How do build a simple “clip on” guttering system in your lunch hour for less than $10

I love design, I love simplicity. I love the idea that we can rethink cheap readily available materials and use them in a way that was not imagined by the manufacturer. So in the video below I show how I use 75 mm diameter PVC down pipe as a guttering system. Building a rain water harvesting system normally takes a complicated range of fittings brackets screws and masonry anchors.But very often the same objective can be achieved using only 75 mm diameter PVC down pipe and elbow fittings.Watch this short video to see how we use this idea at Pebblespring Farm.

 

Click here to watch this excellent little video

 

 

pvc pipe

 

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Off the Grid – small steps

As I sit inside, warm against the weather, I can hear the winter rain falling lightly outside. At the farm, the fields are green, but it has not been that wet. I can monitor how wet it has been by the level of the Kragga-Kamma lake I drive past on the way to the farm.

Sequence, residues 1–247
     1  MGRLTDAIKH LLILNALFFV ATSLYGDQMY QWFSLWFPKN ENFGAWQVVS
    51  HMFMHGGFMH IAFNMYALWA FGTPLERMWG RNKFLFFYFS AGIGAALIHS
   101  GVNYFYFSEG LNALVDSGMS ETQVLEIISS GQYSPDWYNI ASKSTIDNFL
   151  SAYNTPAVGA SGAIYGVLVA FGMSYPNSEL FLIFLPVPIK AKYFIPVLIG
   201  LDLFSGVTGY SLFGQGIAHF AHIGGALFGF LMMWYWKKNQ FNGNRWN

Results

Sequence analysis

Pebblespring Farm has no municipal water. It has no electrical connection. It has no sewer connection. This is of course not a major problem yet, because no one is living there full time. But we will.

In the meantime, the cattle need water and the trees we have potted need water and for this we have installed two water tanks. First a 1 kl tank and then a 5 kl tank. From these tanks I run draglines (very strong, flexible 25 mm diameter black plastic pipe) to the cattle feeding troughs that I have made by cutting in half a 200l barrel.